Cruising Tips: Two Tricks for Homesteading on Your Boat

Sailors have always been a self-reliant bunch. Now, here are two tips for producing and preserving your own provisions on board
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The last green onion. Photo by Cindy Wallach

The last green onion. Photo by Cindy Wallach

Sailors have always been a self-reliant bunch. Now, here are two tips for producing and preserving your own provisions on board.

1. A Little Culture

Live cultured foods taste good and are good for you. From sourdough to yogurt to mozzarella cheese, these foods are low tech and easily made again and again—even on your sailboat.

Yogurt has become one of our favorite homemade foods on board because it’s difficult to get in remote areas and can be used as a base for so many recipes. All you need to make yogurt is powdered milk, a live yogurt culture, warmth (a good thermos will do) and patience.

“The Boat Galley” (theboatgalley.com) contains some excellent yogurt-making recipes, with easy step-by-step instructions. Author Carolyn Shearlock says, “The most common mistake is guessing at the milk temperature. Too hot kills the culture, and too cool won’t let it grow.” She emphasizes that if you’re serious about making yogurt and cheese, you should spend a few dollars on a thermometer.

Probiotic drinks, like kombucha, are another excellent make-on-board item. Cruiser Behan Gifford (follow her on Sailfeed.com) and her family have cruised from Seattle to the Indian Ocean and tried to make as much as possible from scratch along the way—kombucha, they say, is their special treat. “We brew it first and foremost because it’s yummy. Of course, it’s also ascribed with a pile of health benefits,” she says.

Plant hydroponic vegetables

Plant hydroponic vegetables

The recipe is as easy as pouring water or tea in a glass jar, adding culture and some sugar, and letting it sit in a secure place for 7-10 days. Behan keeps her kombucha on the cabin sole in the center of her Stevens 47 just forward of the mast. “If things get really boisterous, we tie it to the mast with webbing,” Behan says.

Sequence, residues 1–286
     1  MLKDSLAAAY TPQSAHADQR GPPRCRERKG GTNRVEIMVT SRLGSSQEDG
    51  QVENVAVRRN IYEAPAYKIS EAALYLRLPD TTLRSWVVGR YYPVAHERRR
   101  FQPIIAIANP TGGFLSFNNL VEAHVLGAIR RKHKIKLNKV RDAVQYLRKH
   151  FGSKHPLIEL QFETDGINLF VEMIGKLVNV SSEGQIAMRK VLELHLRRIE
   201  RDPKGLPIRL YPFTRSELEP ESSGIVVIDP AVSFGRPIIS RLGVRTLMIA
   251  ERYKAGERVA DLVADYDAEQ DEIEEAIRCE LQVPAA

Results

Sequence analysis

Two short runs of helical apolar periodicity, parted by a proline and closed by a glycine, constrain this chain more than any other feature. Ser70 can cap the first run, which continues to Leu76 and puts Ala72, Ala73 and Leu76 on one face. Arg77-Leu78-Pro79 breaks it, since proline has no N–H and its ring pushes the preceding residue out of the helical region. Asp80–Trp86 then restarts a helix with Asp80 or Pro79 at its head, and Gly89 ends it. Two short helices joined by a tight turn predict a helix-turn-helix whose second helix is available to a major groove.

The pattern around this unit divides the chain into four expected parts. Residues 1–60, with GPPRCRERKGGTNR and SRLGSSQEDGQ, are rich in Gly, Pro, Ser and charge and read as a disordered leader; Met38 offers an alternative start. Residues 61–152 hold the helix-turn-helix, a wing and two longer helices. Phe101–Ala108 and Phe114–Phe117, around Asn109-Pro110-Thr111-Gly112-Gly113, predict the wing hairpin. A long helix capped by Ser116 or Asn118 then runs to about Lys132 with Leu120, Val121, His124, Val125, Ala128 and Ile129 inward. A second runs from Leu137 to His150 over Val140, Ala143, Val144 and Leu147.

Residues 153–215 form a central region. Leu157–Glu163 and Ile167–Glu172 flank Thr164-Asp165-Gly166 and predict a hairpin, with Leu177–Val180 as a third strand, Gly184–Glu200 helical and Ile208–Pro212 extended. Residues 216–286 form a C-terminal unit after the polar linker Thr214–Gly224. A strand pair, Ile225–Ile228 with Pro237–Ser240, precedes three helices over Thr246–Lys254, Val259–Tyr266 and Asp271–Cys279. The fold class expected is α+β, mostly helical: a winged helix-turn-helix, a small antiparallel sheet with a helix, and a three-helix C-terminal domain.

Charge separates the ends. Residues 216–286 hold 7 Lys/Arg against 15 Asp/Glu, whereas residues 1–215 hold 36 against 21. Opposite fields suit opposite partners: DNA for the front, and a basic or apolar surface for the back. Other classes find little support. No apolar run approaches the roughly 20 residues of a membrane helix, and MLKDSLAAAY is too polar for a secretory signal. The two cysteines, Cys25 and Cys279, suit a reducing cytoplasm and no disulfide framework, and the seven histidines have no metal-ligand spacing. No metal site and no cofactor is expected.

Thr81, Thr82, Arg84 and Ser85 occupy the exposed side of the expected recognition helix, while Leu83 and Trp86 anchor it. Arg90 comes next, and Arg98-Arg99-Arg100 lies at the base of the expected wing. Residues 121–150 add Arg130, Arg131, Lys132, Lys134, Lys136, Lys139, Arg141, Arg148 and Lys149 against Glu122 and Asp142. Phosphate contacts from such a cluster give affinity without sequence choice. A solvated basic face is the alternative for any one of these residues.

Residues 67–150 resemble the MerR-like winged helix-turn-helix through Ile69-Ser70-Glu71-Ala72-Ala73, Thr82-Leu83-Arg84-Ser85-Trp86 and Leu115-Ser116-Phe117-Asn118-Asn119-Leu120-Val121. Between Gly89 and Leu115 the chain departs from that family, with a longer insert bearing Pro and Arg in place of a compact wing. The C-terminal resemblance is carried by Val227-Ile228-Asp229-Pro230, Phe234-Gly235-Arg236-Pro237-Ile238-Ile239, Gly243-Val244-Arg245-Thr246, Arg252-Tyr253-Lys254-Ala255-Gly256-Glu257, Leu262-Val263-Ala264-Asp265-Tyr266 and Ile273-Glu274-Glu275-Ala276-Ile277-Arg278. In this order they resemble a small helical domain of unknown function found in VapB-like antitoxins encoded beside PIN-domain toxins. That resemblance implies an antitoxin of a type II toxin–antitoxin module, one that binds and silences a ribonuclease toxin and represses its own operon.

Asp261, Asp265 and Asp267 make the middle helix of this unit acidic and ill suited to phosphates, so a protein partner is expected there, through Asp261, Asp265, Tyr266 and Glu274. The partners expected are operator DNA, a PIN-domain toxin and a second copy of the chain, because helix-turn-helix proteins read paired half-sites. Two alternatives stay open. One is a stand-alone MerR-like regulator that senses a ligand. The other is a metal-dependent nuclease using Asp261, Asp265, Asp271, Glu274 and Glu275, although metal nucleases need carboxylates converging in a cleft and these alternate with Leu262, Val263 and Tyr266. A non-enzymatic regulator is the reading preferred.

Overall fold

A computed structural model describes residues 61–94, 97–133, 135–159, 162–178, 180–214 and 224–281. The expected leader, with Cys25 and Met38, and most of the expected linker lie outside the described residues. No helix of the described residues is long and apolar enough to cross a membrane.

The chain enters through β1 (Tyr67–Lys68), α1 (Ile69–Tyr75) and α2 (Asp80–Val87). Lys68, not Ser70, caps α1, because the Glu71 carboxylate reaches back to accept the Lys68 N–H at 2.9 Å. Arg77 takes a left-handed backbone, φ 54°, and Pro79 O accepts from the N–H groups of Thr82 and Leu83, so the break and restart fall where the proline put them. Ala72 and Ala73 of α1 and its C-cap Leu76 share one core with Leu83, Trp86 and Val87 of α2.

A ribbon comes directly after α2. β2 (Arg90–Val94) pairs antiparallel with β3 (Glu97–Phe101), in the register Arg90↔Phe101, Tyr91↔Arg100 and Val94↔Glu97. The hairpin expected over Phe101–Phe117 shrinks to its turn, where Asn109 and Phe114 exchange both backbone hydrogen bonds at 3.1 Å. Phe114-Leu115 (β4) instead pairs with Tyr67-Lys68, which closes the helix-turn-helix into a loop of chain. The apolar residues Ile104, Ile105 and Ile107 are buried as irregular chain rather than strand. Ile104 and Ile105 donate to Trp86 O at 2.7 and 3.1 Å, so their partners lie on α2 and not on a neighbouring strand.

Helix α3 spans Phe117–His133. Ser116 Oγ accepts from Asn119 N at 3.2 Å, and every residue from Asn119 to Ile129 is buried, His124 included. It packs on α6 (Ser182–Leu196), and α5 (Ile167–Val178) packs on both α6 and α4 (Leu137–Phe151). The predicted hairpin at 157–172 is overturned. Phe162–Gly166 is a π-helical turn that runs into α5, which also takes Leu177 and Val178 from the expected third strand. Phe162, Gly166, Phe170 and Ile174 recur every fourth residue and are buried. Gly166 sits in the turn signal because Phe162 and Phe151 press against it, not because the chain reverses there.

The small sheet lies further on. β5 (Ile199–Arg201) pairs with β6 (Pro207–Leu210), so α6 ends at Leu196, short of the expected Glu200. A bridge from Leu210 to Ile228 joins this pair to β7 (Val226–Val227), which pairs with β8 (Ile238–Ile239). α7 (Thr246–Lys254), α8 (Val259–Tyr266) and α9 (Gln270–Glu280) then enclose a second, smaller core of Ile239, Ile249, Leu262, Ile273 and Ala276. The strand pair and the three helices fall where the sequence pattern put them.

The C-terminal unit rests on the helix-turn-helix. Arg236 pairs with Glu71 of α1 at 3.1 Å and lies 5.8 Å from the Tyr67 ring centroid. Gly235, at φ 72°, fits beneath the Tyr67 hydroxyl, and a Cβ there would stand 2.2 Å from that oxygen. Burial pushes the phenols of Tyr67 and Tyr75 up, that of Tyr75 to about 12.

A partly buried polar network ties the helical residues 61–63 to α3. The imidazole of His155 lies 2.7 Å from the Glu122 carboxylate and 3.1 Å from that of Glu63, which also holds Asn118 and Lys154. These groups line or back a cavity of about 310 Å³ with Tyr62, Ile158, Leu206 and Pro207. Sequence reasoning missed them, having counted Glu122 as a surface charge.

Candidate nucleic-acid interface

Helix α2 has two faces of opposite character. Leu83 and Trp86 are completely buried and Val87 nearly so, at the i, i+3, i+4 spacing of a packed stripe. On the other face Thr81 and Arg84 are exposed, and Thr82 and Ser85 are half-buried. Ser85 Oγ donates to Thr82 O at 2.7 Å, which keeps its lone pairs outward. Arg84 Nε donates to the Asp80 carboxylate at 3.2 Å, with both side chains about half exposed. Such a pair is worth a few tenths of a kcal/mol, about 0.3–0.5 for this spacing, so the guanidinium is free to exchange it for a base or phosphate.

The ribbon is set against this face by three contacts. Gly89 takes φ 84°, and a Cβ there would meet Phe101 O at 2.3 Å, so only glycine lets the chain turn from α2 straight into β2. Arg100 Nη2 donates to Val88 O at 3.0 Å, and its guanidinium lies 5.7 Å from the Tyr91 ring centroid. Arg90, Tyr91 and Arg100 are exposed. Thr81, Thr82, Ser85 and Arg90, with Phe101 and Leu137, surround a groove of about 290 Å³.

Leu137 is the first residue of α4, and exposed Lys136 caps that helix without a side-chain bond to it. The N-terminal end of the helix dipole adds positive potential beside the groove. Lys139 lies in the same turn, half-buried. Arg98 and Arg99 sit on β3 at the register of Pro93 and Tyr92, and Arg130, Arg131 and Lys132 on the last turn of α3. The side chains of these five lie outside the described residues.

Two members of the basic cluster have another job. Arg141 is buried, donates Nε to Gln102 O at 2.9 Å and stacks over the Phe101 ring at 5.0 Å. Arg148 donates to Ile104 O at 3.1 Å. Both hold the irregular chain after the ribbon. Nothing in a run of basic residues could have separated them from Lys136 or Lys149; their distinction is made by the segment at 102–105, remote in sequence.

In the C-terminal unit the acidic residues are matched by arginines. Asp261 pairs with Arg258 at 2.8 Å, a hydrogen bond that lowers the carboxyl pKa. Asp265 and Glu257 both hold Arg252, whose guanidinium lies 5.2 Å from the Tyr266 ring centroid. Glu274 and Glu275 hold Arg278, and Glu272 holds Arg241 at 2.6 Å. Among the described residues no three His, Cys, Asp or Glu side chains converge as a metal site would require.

2. Let it Grow

Don’t let the fact that you’re on a boat keep you from developing a green thumb. Try this clever shoe-rack-turned-planter idea

Don’t let the fact that you’re on a boat keep you from developing a green thumb. Try this clever shoe-rack-turned-planter idea

Living on board with my family, I’ve begun to experiment with a new sort of self-reliance: onboard agriculture. Herbs in little pots are just the beginning when it comes to what can be grown on your boat. Tomatoes, peas, spinach and even strawberries are all easily grown in small pots of soil, which can be kept on deck in a calm and sunny area. Planning to be on the move? Cruiser Laureen Hudson showed me an ingenious growing system for butter lettuce aboard her Lagoon 48 catamaran. She combined a basic door shoe rack, some empty Vitamin Water plastic bottles, and handfuls of fertilized potting soil to create a vertical hanging garden in her cockpit.

“When we were underway, we took the plants from outside, put them in the shoe rack, and hung it in the head to protect the plants from the salt water. Once we were anchored again, we moved it back out to the cockpit.”

In addition, green onions, celery and Romaine lettuce can be grown hydroponically by cutting the root end and simply sitting the plants in a small cup of fresh water; no soil required.

Keep in mind that gardening on board isn’t always practical when cruising from country to country, as many customs agents tend to frown upon bringing live plants in from outside their borders. Be sure to check regulations before crossing borders with your floating garden.

Photos by Laureen Hudson

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